CC BY-NC-ND 4.0 · Appl Clin Inform 2021; 12(02): 229-236
DOI: 10.1055/s-0041-1725186
Case Report

Moving Faster than the COVID-19 Pandemic: The Rapid, Digital Transformation of a Public Health System

Clair Sullivan
1  Centre for Health Services Research, University of Queensland, Brisbane, Australia
2  Digital Metro North, Metro North Hospital and Health Service, Brisbane, Queensland, Australia
,
Ides Wong
3  Queensland Department of Health, Brisbane, Queensland, Australia
,
Emily Adams
3  Queensland Department of Health, Brisbane, Queensland, Australia
,
Magid Fahim
1  Centre for Health Services Research, University of Queensland, Brisbane, Australia
2  Digital Metro North, Metro North Hospital and Health Service, Brisbane, Queensland, Australia
,
Jon Fraser
2  Digital Metro North, Metro North Hospital and Health Service, Brisbane, Queensland, Australia
,
Gihan Ranatunga
2  Digital Metro North, Metro North Hospital and Health Service, Brisbane, Queensland, Australia
,
Matthew Busato
2  Digital Metro North, Metro North Hospital and Health Service, Brisbane, Queensland, Australia
,
Keith McNeil
3  Queensland Department of Health, Brisbane, Queensland, Australia
› Author Affiliations
Funding None.

Abstract

Background Queensland, Australia has been successful in containing the COVID-19 pandemic. Underpinning that response has been a highly effective virus containment strategy which relies on identification, isolation, and contact tracing of cases. The dramatic emergence of the COVID-19 pandemic rendered traditional paper-based systems for managing contact tracing no longer fit for purpose. A rapid digital transformation of the public health contact tracing system occurred to support this effort.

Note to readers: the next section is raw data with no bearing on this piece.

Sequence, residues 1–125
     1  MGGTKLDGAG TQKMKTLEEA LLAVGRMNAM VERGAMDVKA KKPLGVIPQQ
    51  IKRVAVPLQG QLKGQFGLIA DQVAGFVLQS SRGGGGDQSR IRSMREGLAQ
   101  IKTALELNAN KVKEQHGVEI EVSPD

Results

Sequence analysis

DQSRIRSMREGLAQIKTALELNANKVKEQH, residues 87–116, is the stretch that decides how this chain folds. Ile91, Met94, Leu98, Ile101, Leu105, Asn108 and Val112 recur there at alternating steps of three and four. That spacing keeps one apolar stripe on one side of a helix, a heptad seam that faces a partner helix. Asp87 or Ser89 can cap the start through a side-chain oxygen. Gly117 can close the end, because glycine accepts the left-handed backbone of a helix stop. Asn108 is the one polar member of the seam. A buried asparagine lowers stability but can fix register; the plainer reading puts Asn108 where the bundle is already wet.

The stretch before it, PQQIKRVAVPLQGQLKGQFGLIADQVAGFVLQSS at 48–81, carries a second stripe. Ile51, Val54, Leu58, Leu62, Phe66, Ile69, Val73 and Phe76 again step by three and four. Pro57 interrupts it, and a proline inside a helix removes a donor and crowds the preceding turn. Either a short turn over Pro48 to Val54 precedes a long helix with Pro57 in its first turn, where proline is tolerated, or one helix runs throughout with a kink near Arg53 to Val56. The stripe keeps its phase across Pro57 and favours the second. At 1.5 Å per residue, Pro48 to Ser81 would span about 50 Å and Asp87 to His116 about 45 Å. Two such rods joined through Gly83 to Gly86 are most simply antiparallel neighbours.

Objectives The objectives of the digital transformation were to shift legacy systems (paper or standalone electronic systems) to a digitally enabled public health system, where data are centered around the consumer rather than isolated databases. The objective of this paper is to outline this case study and detail the lessons learnt to inform and give confidence to others contemplating digitization of public health systems in response to the COVID-19 pandemic.

Methods This case study is set in Queensland, Australia. Universal health care is available. A multidisciplinary team was established consisting of clinical informaticians, developers, data strategists, and health information managers. An agile “pair-programming” approach was undertaken to application development and extensive change efforts were made to maximize adoption of the new digital workflows. Data governance and flows were changed to support rapid management of the pandemic.

Results The digital coronavirus application (DCOVA) is a web-based application that securely captures information about people required to quarantine and creates a multiagency secure database to support a successful containment strategy.

Conclusion Most of the literature surrounding digital transformation allows time for significant consultation, which was simply not possible under crisis conditions. Our observation is that staff was willing to adopt new digital systems because the reason for change (the COVID-19 pandemic) was clearly pressing. This case study highlights just how critical a unified purpose, is to successful, rapid digital transformation.

Protection of Human and Animal Subjects

No human subjects were directly involved in this project.




Publication History

Received: 21 November 2020

Accepted: 22 January 2021

Publication Date:
24 March 2021 (online)

© 2021. The Author(s). This is an open access article published by Thieme under the terms of the Creative Commons Attribution-NonDerivative-NonCommercial License, permitting copying and reproduction so long as the original work is given appropriate credit. Contents may not be used for commercial purposes, or adapted, remixed, transformed or built upon. (https://creativecommons.org/licenses/by-nc-nd/4.0/)

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